Dr Muhammed also described himself as a ‘tactile individual’ but vowed to only reassure colleagues verbally and not via touch in the future.
His representative added that no patients had been sexually harassed and Dr Muhammed didn’t touch the nurses’ breasts or ‘below their waist’, making it the ‘lower end of the scale of seriousness of sexual misconduct’.
He also urged the tribunal to consider the fact Dr Muhammed was the main breadwinner of his family when determining the sanction.
In their ruling, the Medical Practitioners Tribunal Service slammed Dr Muhammed’s behaviour.
‘This was conduct that any professional would know was wholly unacceptable,’ they wrote.
‘More than that it could readily be described as deplorable.’
But the tribunal noted that his behaviour, while serious, only occurred during a two-month period.
They also pointed to 53 testimonials from colleagues, the majority of them female, speaking positively of his character.
The tribunal also said that Dr Muhammed, while the case had been ongoing, had continued to work as a doctor for two years without any further incidents.
They also considered the fact this sexual harassment had involved no contact with the nurses’ ‘sexual parts’, his attendance on a maintaining boundaries course, and of depriving the public of a ‘good doctor’ in their decision.
However, they added this did not detract from the seriousness of the behaviour described.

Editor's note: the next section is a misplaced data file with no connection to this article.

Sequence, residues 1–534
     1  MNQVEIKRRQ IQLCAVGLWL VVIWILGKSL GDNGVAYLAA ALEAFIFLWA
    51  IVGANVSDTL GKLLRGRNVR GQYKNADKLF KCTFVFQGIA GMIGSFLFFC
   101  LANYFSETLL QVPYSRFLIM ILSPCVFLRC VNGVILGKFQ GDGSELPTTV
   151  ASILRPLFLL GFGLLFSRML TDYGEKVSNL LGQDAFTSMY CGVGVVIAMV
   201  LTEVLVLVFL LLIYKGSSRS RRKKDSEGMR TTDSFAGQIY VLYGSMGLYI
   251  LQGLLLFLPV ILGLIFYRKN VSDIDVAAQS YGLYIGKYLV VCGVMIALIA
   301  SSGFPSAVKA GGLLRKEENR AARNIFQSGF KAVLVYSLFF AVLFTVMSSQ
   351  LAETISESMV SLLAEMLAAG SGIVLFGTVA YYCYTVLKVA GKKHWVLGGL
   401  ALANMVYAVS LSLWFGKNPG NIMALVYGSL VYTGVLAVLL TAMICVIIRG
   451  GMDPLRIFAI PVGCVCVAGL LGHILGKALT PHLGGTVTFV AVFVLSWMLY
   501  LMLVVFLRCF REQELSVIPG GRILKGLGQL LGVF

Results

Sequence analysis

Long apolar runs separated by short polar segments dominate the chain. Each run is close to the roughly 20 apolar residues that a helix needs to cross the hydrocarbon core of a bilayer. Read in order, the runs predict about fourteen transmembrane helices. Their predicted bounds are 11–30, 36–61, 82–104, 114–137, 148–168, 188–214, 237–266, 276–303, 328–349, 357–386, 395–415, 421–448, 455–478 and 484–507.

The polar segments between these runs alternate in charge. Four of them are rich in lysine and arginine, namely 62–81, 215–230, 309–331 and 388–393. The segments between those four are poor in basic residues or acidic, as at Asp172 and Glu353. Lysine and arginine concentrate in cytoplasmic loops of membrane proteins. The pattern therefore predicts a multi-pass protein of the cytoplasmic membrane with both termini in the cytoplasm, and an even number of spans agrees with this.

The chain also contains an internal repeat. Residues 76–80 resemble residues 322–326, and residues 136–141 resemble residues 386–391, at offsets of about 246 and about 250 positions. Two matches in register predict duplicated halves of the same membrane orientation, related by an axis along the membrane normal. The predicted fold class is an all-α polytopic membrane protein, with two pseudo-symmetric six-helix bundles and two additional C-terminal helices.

‘The incident outside the changing rooms was especially shocking,’ they wrote. ‘He caused Nurse A to be frightened.
‘She was obviously vulnerable and feared the consequences of raising a complaint.
‘He had seriously undermined the reputation of the medical profession as a whole.’
Describing their decision as ‘finely balanced between suspension and erasure’, they opted for the former.
The tribunal said the suspension would communicate the seriousness of the misconduct to both him and the wider profession as well as give the medic time for additional insight into his actions.
He has 28 days from the ruling to appeal the decision.
Dr Muhammed told MailOnline via his representatives, the Medical Protection Society, that: ‘I am disappointed with the tribunal’s findings and will be taking time to reflect on the outcome and consider my options.’
Stockport NHS Foundation Trust said: ‘We do not tolerate sexual harassment, and we take all allegations of such harassment extremely seriously.’
Wrightington, Wigan and Leigh NHS Foundation Trust, where Dr Muhammed has been working since 2019, told this website he now no longer works there.
Precision Hair Clinic did not respond to requests for comment.